SKY NEWS:- Animal rights activists have rescued dozens of dogs from a slaughterhouse in southern China ahead of a controversial dog meat festival due to be held next week.
The frightened animals – 21 dogs, eight puppies, and five cats and kittens – were crammed into small cages together.
Some were wearing collars, suggesting they may be stolen pets.
Chinese activists found the warehouse in Yulin, Guanxi province, and managed to negotiate the animals’ release.
Dr Peter Li, from Humane Society International, who led the rescue, told Sky News: “We came to this slaughterhouse to find it shut, but there were dogs barking inside.
“The place was very dirty and horrendous. When we saw the dogs, especially the puppies jumping and fighting to get our attention, it was very hard to leave them in that place and in Yulin.
“We negotiated their release to us and took them immediately out of Yulin.
Two of the dogs wore collars. Two other dogs had some kind of a leash on them, but, they were all scared when we unloaded them.
“They behaved like owned dogs and close to people. None of the dogs displayed aggression to us.”
He said they rented a truck to transport the animals away from the city to local animal hospitals.
“The dogs and cats were clearly afraid, especially the older dogs who looked very fearful, but once they realised we weren’t there to hurt them, but in fact we would make their suffering stop at last, they very quickly responded with licks and wagging tails,” he said.
Photos released by the group showed the animals being cared for at a shelter, where they are being examined by vets and prepared for adoption.
Some 11 million people have signed an international petition demanding an end to the festival, which campaigners say will mean the slaughter of 10,000 dogs over the next 10 days.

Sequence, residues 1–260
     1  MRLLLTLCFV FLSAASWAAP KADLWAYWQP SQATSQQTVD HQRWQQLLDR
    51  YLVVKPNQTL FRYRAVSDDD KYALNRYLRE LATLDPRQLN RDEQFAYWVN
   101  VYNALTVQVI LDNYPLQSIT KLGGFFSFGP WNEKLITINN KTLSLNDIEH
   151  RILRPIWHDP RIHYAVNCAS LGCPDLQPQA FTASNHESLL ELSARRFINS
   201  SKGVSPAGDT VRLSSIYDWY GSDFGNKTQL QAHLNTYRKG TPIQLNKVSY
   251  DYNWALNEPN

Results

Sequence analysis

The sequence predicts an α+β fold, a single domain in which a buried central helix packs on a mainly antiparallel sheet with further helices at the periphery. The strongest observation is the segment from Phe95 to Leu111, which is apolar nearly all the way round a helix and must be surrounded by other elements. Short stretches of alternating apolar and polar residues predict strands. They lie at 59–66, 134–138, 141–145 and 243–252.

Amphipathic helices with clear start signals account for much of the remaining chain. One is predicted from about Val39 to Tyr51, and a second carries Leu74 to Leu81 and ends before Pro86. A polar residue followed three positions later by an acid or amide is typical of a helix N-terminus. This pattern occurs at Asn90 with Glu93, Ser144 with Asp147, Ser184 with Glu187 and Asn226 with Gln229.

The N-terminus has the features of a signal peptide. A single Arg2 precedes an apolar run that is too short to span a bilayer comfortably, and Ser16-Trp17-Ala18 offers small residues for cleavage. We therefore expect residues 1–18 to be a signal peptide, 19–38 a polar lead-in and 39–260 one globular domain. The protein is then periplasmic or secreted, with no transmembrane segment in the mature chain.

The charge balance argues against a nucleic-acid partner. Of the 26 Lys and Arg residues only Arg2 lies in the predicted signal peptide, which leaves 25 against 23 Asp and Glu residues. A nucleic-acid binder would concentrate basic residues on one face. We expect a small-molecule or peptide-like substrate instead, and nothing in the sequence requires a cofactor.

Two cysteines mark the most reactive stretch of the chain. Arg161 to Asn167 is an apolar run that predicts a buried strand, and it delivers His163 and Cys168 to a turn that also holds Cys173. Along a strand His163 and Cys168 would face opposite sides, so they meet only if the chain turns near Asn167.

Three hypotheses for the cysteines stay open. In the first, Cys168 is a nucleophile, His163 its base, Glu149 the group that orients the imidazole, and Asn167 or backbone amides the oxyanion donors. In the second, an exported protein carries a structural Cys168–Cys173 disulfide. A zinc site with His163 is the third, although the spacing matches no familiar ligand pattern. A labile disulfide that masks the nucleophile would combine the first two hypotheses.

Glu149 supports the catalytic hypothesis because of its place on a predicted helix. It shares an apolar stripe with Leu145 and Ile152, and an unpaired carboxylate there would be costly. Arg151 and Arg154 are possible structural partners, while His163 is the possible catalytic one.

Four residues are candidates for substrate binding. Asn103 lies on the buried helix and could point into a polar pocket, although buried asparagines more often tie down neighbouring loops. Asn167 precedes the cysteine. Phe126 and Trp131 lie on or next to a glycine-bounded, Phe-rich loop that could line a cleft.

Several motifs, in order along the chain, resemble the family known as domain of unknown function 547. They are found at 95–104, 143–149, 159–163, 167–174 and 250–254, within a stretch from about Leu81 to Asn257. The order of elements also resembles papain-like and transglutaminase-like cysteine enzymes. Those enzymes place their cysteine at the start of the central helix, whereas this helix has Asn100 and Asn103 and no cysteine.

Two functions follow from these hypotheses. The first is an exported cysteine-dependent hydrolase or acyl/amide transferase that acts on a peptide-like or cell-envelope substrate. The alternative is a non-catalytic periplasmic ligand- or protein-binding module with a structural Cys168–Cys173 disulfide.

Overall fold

Actress Carrie Fisher brought her dog, Gary, to a protest outside the Chinese Embassy in London last week.
She said: “These poor dogs need us to fight for them. Every single one of them is as precious as my dear Gary, every one of them is someone’s best friend.”
Dr Li said he wanted to stress that their campaign was not targeted at the people of Yulin, or even the dog meat traders there, but at the dog meat industry in general, and the dog theft, poisoning, and other activities he says that sustains it.
The popularity of dog meat in China has decreased in recent years, with many users of social media site Weibo posting messages against it.
“I don’t eat dog meat, not just because I love them but also because they really love me,” one user said.
“Dogs trust humans more than any other animal, they rely on humans and love humans. So all my friends, please use your mobile phone to re-post this message: ‘stop eating the dog meat’. I oppose the Yulin Dog Meat Festival, you can dislike them, but please don’t hurt them.”
Supporters of the festival, however, believe dog meat is good for people’s health during the hot summer months and no different to eating other animals.
Weibo user HuzhenjiangNice said: “I don’t think it’s necessary to boycott the festival, it’s only local tradition, like the Spring Festival and Christmas. Anybody boycotting them? Stop criticising others on moral grounds. You can stop eating dog meat but you don’t have the rights to stop others eating.”
Despite the international campaign against the festival, China’s state media has said the government.